Sri Bhagavan stresses that one-pointedness of mind is necessary to realize the Supreme Brahman. After a long course of self-discipline, when the mind is purged of all its impurities, the yogins realize him in deep meditation.

Without the realization of Brahman when the jiva departs from the body, the samskaras or impressions are carried along with the subtle body, and the jiva roams from birth to birth being entrapped in the eternal labyrinth of samsara.

Direct knowledge of Brahman is obtained through the indirect knowledge by the aid of antahkarana. 'A man needs a boat to cross to the other shore, but once the other shore is reached, the boat is no longer required.' Sri Ramakrishna also said that one needs the stairs to climb to the rooftop but once the roof is reached the stairs are no longer necessary. Antahkaranavrtti is a necessary means to know the Supreme Brahman. After a long discipline of the mind through sravana, manana and nididhyasana, antahkaranavrtti rises in the form of all-pervading infinite Brahman. With the dawn of Brahman knowledge, the means of knowledge which is the effect of avidya is burnt by the fire of knowledge. In this state the yogin becomes a jivanmukta being free from the fetters of avidya.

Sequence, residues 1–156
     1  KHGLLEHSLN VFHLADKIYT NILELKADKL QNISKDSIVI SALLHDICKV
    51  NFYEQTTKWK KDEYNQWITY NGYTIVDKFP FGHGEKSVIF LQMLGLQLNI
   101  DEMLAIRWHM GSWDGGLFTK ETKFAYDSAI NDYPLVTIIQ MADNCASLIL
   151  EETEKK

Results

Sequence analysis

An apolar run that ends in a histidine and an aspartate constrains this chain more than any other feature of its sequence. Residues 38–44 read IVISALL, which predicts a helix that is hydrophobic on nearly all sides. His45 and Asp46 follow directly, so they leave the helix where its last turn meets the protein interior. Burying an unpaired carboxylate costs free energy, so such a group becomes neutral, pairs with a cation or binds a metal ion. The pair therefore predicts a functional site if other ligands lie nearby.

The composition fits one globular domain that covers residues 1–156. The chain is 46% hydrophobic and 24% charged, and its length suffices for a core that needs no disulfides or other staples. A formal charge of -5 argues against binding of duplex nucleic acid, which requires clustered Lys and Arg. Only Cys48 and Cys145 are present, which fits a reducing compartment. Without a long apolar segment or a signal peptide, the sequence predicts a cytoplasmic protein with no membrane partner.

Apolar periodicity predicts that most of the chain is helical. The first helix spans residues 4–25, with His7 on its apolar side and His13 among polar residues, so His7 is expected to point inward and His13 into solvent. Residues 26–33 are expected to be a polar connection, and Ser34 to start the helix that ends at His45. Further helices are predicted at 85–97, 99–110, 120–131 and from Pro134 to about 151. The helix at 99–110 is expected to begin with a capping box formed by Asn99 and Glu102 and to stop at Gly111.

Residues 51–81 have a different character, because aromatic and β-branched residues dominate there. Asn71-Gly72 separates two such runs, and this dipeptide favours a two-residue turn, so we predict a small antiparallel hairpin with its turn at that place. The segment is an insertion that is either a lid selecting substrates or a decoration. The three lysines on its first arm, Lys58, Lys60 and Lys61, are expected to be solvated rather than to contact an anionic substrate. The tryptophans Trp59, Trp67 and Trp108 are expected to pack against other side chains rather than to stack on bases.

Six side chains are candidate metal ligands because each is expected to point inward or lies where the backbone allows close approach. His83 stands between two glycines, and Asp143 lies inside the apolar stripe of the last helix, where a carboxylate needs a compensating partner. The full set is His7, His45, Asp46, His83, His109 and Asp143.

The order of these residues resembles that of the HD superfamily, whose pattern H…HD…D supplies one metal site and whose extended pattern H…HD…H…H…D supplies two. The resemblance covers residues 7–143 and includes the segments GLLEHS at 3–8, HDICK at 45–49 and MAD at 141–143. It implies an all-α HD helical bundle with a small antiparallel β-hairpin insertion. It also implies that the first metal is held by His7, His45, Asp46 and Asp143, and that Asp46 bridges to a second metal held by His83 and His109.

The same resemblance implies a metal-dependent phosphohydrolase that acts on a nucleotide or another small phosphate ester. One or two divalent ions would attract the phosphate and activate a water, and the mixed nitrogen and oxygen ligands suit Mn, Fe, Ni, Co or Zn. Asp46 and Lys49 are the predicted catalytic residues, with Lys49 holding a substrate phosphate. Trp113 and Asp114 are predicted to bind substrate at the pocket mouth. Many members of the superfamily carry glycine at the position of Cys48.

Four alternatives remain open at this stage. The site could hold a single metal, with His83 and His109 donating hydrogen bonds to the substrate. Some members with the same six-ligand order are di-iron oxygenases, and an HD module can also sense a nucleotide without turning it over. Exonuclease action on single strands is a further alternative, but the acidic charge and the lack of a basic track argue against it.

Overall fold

The yogic way to realization has been described in the Uttara-Gita. Of all the yoganga pranayama or breath control is very important.

The nadis pervade the body. Of all the nadis, Ida, Pingala and Susumna are most important. Ida represent the lunar and the Pingala represents the solar aspect. Susumna is the subtlest nadi in between Ida and Pingala. It rises from Muladhara and piercing the other cakras, reaches to Sahasrara. Therefore it is necessary to know the cakras. The Susumna nadi is also known as Kundalini-Sakti, on its tip is the luster of Brahman called Brahmajyoti. It is said in the Upanisad, tasyante susiram suksmam tasmin sarve pratisthitam. There are other nadis through which the vital air moves. When the yogin cleaning the nine bodily apertures is able to direct the vital air through the Susumna nadi withdrawing from Ida and Pingala he is able to realize Brahman. When the prana dissolves, the state of Manonmani arises and upon this follows this dissolution of Manas.